Hang in there :)

0

Share this post


Link to post
Share on other sites

And if all else fails and not eating gluten solves your problems, well, I think you know the rest.

richard

0

Share this post


Link to post
Share on other sites

Thank you for that information. It just comes to show that doctors do not have sufficient knowledge on this condition. I didn't have symptoms when I was gluten free and I felt better. Now with eating gluten, the biggest difference is that I am even more tired. It was difficult in the beginning eating gluten free. My doctor didn't really give any helpful advice to what to eat (I lost 10 pounds about less than 2 weeks because I didn't really know what to eat). I have actually had to educate myself on celiac disease because I wasn't reallly obtaining information from my primary doctor and the allergy doctor that reqested the testing.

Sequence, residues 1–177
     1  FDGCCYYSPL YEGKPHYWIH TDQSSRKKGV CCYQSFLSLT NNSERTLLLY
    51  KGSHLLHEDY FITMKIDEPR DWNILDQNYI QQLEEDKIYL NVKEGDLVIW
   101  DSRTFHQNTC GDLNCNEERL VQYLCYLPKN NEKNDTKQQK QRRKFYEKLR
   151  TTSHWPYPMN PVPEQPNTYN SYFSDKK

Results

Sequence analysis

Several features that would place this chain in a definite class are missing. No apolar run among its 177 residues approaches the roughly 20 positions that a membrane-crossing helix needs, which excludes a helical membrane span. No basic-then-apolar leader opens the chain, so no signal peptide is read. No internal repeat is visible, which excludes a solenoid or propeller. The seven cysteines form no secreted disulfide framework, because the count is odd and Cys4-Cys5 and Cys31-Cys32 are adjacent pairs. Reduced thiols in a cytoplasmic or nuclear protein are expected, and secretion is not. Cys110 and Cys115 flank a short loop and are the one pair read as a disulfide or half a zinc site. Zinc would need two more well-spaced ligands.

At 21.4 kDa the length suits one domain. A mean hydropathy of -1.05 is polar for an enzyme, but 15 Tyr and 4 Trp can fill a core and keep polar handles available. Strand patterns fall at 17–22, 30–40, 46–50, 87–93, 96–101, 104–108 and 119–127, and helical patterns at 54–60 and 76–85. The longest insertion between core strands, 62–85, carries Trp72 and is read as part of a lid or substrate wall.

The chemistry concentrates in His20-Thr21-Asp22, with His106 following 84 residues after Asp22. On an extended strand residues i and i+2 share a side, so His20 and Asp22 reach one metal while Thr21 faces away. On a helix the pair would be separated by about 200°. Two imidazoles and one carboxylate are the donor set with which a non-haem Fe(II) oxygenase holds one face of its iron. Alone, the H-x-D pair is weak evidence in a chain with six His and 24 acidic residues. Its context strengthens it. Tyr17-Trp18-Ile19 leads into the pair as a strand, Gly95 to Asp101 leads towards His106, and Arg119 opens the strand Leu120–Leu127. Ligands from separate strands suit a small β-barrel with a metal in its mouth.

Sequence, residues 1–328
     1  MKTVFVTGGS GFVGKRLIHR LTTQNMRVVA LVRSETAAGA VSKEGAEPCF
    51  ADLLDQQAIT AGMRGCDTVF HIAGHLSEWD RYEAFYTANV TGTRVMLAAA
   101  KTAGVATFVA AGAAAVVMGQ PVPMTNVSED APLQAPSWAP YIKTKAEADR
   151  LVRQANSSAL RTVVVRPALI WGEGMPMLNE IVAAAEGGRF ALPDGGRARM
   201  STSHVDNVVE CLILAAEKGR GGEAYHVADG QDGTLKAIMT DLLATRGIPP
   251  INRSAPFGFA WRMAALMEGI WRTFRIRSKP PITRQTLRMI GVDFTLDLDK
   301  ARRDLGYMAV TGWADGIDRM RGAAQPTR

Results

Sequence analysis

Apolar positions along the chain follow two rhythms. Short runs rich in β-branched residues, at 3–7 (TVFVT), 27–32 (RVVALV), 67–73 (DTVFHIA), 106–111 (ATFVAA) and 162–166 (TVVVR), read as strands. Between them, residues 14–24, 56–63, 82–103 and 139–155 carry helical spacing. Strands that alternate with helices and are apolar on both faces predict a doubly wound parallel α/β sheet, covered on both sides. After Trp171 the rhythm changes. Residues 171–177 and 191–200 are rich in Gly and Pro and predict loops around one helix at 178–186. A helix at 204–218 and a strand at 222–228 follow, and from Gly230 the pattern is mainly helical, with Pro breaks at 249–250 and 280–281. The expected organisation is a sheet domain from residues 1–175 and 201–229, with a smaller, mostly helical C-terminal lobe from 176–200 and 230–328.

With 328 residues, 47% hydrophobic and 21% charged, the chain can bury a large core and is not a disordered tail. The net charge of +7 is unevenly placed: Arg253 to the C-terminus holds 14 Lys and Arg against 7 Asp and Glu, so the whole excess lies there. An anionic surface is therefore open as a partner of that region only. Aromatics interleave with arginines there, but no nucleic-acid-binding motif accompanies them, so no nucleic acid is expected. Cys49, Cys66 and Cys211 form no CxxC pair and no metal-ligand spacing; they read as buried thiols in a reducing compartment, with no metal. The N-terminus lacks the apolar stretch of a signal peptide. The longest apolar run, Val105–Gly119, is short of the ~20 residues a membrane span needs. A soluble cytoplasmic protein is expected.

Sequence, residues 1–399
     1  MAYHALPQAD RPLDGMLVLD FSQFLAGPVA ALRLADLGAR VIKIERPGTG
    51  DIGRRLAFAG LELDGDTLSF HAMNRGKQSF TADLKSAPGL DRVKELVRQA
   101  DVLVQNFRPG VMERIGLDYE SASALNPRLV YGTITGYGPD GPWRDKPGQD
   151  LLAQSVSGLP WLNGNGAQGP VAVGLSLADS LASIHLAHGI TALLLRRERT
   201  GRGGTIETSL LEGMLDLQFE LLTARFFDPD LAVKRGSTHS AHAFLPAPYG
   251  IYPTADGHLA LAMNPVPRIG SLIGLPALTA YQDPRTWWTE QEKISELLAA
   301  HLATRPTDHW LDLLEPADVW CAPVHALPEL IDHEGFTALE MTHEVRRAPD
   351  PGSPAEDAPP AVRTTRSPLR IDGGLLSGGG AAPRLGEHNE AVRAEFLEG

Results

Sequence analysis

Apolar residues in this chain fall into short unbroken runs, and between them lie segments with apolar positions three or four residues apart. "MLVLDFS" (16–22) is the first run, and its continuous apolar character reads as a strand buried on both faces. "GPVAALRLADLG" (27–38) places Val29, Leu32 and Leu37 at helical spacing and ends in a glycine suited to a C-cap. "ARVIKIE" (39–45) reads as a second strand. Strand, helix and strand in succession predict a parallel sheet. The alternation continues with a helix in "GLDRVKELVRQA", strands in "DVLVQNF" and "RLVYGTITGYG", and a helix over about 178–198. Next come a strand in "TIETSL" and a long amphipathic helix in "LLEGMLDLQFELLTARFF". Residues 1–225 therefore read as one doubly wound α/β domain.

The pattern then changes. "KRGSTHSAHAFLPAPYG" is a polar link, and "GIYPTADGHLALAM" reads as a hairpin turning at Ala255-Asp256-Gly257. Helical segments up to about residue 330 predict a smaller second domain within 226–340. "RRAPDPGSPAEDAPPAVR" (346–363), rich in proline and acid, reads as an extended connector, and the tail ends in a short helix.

I have also read about people being non celiac gluten sensitive but that there isn't a blood test, etc to test for this. I don't know if that is something to consider that I could have. I did hear back from my allergy doctor....he said to try gluten free and that there are no other tests to do. I was really disappointed to receive that response. I am considering contacting a local celiac clinic and getting a second opinion. I'm just concerned about the cost for additional testing.

Hello, and welcome.